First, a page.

There’s a lot to worry about in the current day, and twelve-year-old Abby holds it all in her head. In A Long Way from Home, Abby meets two boys from the future who need her help, so she decides to escape the depressing present by traveling to their time with them. But that’s not as simple as it seems.
Today author Laura Schaefer joins us to reveal her inspiration and how she explored her own style while writing the book. Read on to download the free educator resources!
What was your inspiration for the book?
This story started with a question: What if the future could be better than the past? Instead of heading toward some kind of dystopia like the ones popularized in many YA books, what if the dystopia is actually happening right now and we’re moving to a future that’s full of abundance and new possibilities?
This idea was born out of the angst I felt in 2016 and 2017 due to the 24-hour news cycle, my own homesickness after moving, shocking political upsets, and the constant sense so many of us had (and continue to have) that big, foundational problems with the health of our environment and the needs of all people in it are not being addressed. When I spoke about a story in which the future was better (as in, a lot better), both my husband and best friend talked about how this notion is the basic premise of the Star Trek universe.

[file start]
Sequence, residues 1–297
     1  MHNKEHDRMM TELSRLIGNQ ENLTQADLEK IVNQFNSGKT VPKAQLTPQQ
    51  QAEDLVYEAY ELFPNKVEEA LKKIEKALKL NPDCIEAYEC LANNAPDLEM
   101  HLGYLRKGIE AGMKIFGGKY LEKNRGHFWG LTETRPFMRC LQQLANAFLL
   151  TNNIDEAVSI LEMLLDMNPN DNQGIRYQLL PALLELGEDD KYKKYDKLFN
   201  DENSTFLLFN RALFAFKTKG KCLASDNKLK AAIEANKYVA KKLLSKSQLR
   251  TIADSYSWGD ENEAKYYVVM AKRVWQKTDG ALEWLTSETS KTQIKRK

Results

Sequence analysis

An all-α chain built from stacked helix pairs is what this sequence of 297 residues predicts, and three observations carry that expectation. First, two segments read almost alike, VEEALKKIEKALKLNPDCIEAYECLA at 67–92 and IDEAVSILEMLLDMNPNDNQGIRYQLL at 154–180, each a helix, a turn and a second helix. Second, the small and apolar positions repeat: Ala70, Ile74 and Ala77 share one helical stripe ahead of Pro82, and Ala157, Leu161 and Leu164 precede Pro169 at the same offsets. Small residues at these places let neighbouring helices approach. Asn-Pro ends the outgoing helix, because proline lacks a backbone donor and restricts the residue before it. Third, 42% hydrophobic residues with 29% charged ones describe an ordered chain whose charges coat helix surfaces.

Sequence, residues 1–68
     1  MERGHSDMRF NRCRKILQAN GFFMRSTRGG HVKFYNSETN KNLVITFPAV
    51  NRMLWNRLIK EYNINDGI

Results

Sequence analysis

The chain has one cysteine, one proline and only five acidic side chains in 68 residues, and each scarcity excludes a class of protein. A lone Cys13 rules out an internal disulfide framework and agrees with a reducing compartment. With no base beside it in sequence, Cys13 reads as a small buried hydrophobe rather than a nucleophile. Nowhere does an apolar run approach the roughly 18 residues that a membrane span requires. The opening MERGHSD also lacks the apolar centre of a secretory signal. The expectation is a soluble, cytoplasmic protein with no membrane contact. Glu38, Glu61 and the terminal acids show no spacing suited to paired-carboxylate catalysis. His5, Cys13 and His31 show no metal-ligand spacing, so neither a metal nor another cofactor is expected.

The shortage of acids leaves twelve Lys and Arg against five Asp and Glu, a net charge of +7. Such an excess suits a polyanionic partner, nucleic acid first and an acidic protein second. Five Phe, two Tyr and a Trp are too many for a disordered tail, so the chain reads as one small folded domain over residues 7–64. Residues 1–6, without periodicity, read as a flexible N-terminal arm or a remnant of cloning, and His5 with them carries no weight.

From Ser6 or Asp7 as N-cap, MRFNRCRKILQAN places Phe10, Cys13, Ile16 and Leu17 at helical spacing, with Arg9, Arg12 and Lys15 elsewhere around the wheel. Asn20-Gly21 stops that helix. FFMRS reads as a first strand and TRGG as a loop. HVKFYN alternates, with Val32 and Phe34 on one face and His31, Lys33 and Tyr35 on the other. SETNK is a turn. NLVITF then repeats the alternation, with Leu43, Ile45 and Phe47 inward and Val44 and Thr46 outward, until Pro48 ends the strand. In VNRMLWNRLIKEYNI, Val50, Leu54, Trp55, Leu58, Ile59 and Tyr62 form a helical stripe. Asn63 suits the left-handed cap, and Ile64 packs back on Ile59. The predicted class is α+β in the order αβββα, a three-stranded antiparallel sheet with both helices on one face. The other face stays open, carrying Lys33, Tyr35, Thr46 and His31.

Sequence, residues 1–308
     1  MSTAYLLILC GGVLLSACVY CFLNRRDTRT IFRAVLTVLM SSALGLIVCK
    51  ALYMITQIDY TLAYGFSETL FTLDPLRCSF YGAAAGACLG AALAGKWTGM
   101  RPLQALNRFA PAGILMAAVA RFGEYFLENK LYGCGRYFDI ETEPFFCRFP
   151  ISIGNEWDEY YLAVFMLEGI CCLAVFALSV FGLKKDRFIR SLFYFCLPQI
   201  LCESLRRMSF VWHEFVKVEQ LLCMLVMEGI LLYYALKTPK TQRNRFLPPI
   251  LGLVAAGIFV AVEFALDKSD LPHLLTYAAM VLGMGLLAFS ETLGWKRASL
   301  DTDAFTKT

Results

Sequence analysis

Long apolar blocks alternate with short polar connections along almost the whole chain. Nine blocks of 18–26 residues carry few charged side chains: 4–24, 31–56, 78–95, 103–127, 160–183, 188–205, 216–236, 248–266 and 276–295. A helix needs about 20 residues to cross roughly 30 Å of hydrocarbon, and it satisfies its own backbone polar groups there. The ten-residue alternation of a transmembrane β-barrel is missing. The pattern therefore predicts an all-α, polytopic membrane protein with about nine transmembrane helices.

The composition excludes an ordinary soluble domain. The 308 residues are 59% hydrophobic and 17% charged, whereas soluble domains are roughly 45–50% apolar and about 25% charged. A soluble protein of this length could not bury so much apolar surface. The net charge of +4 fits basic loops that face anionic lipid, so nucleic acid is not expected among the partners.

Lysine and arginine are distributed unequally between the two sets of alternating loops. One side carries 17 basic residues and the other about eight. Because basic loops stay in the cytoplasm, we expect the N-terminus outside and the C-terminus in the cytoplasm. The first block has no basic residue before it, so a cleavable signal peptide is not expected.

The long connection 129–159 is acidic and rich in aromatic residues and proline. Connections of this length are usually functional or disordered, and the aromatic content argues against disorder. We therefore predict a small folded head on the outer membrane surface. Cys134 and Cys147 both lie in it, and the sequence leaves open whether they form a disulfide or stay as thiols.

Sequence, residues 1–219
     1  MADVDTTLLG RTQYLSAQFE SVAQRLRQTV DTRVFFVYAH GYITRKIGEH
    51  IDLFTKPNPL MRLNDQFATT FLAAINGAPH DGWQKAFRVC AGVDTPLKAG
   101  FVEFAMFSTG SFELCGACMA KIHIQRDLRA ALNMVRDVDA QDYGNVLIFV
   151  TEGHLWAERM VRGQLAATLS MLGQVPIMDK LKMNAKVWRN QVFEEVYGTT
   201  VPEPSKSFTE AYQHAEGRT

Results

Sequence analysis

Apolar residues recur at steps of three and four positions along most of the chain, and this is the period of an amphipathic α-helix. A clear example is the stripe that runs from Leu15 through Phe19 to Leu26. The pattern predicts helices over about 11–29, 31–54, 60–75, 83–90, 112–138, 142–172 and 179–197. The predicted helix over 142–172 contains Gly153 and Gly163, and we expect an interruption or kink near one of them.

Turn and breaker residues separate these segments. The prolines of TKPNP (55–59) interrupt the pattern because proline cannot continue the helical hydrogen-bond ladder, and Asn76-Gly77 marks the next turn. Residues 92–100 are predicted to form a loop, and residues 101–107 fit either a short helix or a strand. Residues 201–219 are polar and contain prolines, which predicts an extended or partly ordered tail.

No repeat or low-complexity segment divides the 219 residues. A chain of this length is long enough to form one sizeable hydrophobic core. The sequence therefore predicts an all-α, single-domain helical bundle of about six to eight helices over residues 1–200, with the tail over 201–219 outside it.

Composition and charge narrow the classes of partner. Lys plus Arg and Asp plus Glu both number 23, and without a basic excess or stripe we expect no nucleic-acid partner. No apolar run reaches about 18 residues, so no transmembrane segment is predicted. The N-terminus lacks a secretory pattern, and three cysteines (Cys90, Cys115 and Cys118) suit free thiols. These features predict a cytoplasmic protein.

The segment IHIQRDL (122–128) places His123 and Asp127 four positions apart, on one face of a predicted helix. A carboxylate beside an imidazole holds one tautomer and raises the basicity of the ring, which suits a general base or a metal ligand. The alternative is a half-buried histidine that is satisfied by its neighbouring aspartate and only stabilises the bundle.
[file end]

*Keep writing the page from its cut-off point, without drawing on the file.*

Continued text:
Though I’ve seen and enjoyed the movies, I’ve never really watched the show. But I knew they were right about Trek universe and I was intrigued. I did some research, started watching episodes from the original series, and was immediately captivated by a specific Season One episode written by renowned science fiction author Harlan Ellison, The City on the Edge of Forever.
The episode is on many people’s “best of” lists for good reason. Its fascinating premise sees Kirk and Spock travel back through time to New York City in the year 1930—during the very beginning of the Great Depression—to rescue Dr. McCoy. There, they meet a young woman named Edith Keeler played by Joan Collins. Though she lives and works in a troubled world, Edith still has a great deal of faith in the future, which is charming to Kirk (who knows her beliefs and hopes will prove correct).
After watching the show, I wondered, “What would this story look like if it were told not from the perspective of the advanced spacefarers of the future, but through the eyes of someone like Edith, living in a troubled time?”
Thus, the basic set up for A Long Way from Home began percolating.